Sunday, January 27, 2013

G-Shock #4: Metallix-G

Do you know those electronic children’s entertainment in front of stores, often in the form of a horse, car or train? Well, when I was very young, let’s say in the early ‘70s, I always went with my father and younger sisters to a big store in Flushing (Vlissingen). On a crossing of paths leading to the most interesting goods there was such a thing, though this “thing” is a bit hard to describe, but I’ll try. It was in fact a circular tube, the tube had maybe an about 50 cm in diameter, maybe a little more. The circle was probably somewhere between 2.5 to 3 meters. It might be maybe even smaller, as it is from a child’s memory. There were three holes in it, with each a primitive child seat. It was placed on a sloped base and in the centre of the base there was a coin collector. If you inserted a coin (probably it was 25 cents coin), the tube started to go around at the static base. Since the base was sloped, the children went not only around, but also up and down a bit. A bit as if you were riding of the rings of Saturn. I think we went there every week, riding that thing a few times, depending on how many quarters my father had in his wallet. The fun you could have as a small child in such a primitive thing.
Well, you might now question, why I mention this nameless, strange rotating thing. The tube was made of polyester and had a gold metal flake finish. I think this metal flaked finish is a typical ‘70s thing.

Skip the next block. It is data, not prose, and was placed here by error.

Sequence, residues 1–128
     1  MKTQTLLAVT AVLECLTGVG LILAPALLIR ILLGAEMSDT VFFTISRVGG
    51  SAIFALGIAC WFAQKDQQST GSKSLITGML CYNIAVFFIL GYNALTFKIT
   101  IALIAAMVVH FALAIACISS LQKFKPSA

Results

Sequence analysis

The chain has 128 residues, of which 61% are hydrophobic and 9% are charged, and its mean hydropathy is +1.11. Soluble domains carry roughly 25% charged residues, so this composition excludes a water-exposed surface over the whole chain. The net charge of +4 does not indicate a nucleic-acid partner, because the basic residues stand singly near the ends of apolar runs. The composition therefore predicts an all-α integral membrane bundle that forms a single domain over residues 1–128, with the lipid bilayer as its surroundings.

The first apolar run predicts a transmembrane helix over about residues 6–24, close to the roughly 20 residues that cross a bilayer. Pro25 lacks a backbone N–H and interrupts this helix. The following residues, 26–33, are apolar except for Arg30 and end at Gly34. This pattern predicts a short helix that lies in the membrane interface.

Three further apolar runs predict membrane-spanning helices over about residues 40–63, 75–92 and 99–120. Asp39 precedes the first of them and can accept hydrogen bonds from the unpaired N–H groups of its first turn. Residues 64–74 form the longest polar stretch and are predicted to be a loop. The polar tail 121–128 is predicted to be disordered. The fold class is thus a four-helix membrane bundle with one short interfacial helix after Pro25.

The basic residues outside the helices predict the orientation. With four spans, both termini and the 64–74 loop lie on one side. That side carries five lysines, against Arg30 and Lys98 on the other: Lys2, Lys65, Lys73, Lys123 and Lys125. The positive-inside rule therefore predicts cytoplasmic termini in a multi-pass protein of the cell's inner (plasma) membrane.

In January 2007, Casio released the Metallix-G models. there were in total 5 models, 3 DW-5600GM models and 2 DW-6900GM models. I immediately ordered the red DW-6900GM model as I am a sucker for 6900’s, but about a year later I had the chance to buy a black DW-5600GM cheap, in a small lot of brand new G-Shocks. I remember there was a bloo GL-7500 in that box too, which I gave to a student at school, who loved the color and, well, you know how I think about bloo. I don’t know what I paid for the lot, but it was under $100. Not really surpising, as the GL-7500’s went sometimes for only $30.- plus shipping and these Metallicx-G DW-5600GM models were sold in East Asia for around $60 - $70.
The most striking part is the resin used for the bezel and straps. It is filled completely with very small aluminum flakes. In this DW-5600GM-1ADR (in Japan released as -1AJF) the lakes are both silver and blue. It gives the watch a very special look, which reminds me to the ‘70s. I think it was quite fashionable around that time. It somehow also looks like the finish of “bumper cars” and other attributes at fairs.
- O -
Not only the resin parts are interesting on this model. Casio has used a kind of Gothic font and around the “face plate” there are flames. Actually I always thought it were tattoo inspired tribals, but according Casio they are flames. It goes well with the Gothic writing. Pretty unusual on a 5600 model, the text “Shock Resist” is printed on the strap. Maybe it’s just done to write something on the strap.
I’m not sure if these models were actually popular. You don’t see them around much, but in 2007 and 2008 they could be bought for low prices in auctions starting from $1.- (where have those good ones gone). I frankly like them, as they look pretty different. The red DW-6900GM looks like the bezel is made of strawberry confiture. Strawberry is in fact one of the fruits I do not really like, if it’s not fresh (opposite to cherries).
This Metallix-G is a special version of the DW-5600, a pretty basic model. On board, besides Time Keeping of course, there is an Alarm mode, a 24 hour Stopwatch and a 24 hour Countdown Timer. The Alarm function can be set to a Date Alarm, which also means it can be used as a Monthly Alarm or a 1-Month Alarm if digits of the month or the day is left blank.
The watch has a reversed display (all Metallix-G models have this), which is in my humble opinion pretty nice in the EL backlight. The watch has a “Flash Alarm” function. When toggled on, this means the EL backlight also lights up when an Alarm sounds (Hourly Time Signal, Alarm and Countdown Alarm).